The containment approach was developed by Kim English. It is one of the most effective models in managing sex offenders in the community. The Containment Approach Model Includes Five Parts:
Having a team work with the offender can be much more beneficial and efficient. With a team, the offender can be better managed because gaps in managment will be covered. The containment team consists of: parole/probation officers, treatment provider, polygraph examiner, and the victim advocate.
Parole/Probation Officers represent the external control components. The supervising officer, adhering to court and/or Parole Board orders/conditions, limits what the offender does or is allowed to do, and tries to limit the offender’s exposure to potential victims and high risk situations. Some key elements for external controls include ensuring offender participates in appropriate treatment programming, electronic monitoring, appropriate employment and maintenance of a daily journal.
Probation Officers, who are provided with extensive training in sex offender management, represent the external control component of the model. As such, the Officer shall be responsible for holding the sex offender accountable to the special conditions as set by the court. To maximize supervision of sex offenders, caseloads for these specialized officers shall not exceed 30 offenders.
These community treatment providers, identified by the Department of Correction, shall be responsible for assisting the offender in developing and managing his/her internal controls. Specifically, the sex offender specific treatment provider works on helping offenders identify their individual pattern of abuse, i.e., the thoughts, actions, and events that precede their offense behavior and how they can respond differently to avoid re-offending.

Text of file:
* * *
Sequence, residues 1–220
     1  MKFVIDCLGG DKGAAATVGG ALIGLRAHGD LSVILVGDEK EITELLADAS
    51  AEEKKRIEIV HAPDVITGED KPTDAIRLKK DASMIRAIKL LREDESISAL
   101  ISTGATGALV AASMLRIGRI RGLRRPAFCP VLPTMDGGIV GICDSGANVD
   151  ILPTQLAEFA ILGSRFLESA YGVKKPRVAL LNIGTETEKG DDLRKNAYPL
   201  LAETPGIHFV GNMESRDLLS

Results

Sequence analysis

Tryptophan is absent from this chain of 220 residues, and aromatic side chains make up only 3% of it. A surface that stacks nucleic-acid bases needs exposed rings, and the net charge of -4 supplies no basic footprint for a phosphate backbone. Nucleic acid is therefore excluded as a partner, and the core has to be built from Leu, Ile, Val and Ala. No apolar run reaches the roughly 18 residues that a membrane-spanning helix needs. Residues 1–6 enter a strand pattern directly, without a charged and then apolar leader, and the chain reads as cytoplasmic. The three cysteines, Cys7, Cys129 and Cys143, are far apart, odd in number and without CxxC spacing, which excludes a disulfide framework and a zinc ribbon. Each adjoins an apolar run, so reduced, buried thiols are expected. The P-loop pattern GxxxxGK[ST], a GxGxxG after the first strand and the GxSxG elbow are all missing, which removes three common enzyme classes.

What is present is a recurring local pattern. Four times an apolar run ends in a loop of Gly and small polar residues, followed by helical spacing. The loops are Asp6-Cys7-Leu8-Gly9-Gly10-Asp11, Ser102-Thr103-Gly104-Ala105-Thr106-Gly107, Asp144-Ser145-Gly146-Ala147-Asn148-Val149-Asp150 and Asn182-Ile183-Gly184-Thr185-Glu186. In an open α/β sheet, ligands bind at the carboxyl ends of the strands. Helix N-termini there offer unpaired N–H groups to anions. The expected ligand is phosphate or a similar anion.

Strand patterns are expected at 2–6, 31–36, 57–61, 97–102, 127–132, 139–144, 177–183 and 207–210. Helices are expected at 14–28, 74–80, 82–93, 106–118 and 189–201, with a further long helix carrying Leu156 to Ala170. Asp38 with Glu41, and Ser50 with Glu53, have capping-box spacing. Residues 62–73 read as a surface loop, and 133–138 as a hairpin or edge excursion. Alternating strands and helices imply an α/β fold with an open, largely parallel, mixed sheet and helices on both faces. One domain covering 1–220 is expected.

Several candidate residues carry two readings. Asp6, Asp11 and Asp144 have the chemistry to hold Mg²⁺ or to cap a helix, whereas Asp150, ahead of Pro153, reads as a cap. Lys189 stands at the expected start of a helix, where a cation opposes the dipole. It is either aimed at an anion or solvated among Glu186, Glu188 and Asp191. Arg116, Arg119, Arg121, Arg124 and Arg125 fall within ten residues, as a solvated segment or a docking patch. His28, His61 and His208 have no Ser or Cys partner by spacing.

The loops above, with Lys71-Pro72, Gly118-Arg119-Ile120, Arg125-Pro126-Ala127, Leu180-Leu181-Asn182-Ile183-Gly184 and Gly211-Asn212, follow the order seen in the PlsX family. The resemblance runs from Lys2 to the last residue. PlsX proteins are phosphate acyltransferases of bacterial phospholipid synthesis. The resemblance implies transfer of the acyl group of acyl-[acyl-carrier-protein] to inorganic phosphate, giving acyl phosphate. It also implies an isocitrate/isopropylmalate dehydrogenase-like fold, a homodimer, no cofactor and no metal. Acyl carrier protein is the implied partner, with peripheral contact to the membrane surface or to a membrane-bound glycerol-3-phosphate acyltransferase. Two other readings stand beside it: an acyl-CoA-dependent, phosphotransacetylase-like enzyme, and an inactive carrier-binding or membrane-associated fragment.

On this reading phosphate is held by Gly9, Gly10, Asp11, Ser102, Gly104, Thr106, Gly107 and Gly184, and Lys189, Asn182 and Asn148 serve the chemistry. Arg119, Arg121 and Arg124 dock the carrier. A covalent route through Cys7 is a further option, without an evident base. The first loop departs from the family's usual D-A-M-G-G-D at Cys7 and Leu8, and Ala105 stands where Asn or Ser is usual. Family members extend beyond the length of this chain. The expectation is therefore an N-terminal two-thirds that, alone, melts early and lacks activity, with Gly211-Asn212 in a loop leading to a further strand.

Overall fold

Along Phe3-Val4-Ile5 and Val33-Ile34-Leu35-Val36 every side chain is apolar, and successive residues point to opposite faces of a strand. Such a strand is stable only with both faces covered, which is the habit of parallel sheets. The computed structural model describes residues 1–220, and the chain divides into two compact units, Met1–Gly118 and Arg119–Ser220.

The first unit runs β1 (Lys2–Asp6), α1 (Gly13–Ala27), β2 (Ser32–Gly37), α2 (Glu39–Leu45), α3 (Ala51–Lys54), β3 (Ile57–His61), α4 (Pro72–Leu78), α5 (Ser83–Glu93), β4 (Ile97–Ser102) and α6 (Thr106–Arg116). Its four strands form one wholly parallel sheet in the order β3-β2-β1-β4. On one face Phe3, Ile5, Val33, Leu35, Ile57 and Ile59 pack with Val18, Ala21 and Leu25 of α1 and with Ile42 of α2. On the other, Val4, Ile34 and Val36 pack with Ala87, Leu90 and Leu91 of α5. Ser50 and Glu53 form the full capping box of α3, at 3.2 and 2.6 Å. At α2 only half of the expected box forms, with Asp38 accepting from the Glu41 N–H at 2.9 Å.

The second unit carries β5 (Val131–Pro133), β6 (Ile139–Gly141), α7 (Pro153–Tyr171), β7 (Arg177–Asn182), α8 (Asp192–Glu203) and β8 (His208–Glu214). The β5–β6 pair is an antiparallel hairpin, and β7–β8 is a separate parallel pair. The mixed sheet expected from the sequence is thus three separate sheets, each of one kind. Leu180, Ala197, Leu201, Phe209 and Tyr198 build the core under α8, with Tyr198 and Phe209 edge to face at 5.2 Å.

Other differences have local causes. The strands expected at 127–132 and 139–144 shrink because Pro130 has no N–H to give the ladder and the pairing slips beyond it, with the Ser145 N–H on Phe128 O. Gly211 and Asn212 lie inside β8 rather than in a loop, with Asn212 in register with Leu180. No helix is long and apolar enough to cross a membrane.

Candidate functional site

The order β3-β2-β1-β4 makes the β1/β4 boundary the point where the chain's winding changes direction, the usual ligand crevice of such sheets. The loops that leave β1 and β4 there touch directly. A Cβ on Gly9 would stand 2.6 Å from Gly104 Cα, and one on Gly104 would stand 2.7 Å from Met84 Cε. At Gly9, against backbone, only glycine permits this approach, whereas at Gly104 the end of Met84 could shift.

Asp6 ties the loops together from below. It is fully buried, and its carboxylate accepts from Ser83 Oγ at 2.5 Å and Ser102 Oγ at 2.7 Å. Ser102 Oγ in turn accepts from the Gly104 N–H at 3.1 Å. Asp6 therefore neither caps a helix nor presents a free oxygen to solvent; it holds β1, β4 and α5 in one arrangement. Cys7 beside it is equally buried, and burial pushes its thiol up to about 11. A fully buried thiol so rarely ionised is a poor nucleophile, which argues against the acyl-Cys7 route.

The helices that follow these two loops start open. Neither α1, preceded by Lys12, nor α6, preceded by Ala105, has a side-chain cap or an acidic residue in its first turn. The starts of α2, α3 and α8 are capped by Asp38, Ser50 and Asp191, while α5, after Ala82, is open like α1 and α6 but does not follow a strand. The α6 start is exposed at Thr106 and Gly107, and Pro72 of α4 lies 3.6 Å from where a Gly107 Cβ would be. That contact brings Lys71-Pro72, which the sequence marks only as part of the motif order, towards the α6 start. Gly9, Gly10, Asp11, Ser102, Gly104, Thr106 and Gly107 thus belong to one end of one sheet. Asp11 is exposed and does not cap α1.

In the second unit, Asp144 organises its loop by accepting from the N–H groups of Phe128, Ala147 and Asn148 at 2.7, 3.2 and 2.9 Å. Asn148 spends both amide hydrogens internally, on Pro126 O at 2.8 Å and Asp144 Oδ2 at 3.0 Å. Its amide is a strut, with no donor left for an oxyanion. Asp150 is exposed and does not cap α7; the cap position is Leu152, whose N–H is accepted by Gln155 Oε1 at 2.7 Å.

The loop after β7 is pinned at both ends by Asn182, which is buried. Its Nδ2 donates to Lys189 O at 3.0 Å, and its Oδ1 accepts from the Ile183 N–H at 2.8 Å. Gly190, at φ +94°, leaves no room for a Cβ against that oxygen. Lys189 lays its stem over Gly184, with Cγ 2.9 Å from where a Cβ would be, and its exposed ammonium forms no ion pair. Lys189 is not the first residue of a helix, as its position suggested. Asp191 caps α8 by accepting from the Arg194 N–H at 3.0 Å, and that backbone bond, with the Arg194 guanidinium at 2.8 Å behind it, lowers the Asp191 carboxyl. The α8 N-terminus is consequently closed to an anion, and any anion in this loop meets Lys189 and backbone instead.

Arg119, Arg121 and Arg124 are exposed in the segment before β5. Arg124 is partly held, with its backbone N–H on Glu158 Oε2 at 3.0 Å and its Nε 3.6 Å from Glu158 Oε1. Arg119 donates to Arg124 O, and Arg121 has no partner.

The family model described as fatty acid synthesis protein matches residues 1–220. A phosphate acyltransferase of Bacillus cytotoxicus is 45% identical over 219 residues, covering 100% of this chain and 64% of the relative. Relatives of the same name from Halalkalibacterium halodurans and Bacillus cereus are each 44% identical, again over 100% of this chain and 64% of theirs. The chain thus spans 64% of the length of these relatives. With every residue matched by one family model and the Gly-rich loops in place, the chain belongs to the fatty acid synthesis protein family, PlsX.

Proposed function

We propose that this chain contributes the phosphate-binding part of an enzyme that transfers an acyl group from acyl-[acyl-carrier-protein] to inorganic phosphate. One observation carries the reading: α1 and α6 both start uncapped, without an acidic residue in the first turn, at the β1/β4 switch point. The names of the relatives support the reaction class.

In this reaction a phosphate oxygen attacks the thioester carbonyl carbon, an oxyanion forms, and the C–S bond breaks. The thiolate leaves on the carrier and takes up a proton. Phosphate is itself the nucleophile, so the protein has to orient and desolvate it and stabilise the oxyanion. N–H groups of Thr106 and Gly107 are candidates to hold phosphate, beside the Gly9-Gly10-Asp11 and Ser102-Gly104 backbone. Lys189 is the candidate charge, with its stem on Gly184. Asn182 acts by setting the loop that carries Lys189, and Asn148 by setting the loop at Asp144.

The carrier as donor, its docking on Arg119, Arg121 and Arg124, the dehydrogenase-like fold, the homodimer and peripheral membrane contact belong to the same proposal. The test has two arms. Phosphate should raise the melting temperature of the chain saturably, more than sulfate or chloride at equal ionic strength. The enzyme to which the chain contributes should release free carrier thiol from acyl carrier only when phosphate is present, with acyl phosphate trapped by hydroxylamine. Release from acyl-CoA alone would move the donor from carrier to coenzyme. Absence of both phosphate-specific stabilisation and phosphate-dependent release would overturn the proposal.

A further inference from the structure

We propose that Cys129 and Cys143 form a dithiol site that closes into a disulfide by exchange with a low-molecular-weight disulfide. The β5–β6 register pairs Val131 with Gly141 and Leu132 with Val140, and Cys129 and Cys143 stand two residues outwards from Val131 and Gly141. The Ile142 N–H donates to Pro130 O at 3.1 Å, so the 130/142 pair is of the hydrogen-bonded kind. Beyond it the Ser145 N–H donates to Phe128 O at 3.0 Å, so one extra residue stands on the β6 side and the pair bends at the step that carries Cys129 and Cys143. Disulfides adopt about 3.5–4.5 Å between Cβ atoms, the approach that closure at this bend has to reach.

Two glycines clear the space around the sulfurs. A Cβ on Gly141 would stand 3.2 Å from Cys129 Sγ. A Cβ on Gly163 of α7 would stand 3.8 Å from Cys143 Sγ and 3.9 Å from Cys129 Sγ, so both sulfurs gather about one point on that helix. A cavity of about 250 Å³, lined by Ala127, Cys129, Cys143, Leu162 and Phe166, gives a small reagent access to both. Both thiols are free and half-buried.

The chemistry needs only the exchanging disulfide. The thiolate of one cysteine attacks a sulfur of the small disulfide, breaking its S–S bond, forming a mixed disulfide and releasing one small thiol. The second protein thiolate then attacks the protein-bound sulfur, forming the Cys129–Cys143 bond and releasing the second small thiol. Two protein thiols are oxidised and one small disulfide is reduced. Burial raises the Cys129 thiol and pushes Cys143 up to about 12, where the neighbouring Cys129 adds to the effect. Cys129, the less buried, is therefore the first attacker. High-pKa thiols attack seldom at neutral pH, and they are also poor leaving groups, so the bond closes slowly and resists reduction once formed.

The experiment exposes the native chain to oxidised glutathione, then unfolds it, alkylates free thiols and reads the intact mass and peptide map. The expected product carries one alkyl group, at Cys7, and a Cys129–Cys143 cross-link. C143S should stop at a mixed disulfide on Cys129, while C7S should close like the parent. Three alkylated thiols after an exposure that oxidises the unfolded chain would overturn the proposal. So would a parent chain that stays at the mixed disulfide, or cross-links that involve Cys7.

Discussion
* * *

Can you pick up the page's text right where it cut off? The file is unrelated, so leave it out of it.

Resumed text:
These are individuals certified/licensed in administering polygraph examinations. Polygraph examiners work closely with treatment providers and supervision agents in developing questions to monitor the offender?s compliance with both treatment and supervision conditions.
This team member represents the interest of the victims. At a minimum, this component means that concern for the safety and privacy of known victim(s) and victim families influences the supervision plan designed for an individual offender. The victim advocate also works with victims of sexual assault to ensure that they have adequate safety plans, assists in treatment referrals, obtains information relative to the offense that may be helpful in the treatment of the offender, and provides information to the victims regarding the program and treatment outcomes. The victim advocate sits in on treatment meetings, conducts home visits with the supervising officer, and is equal partner on the containment team.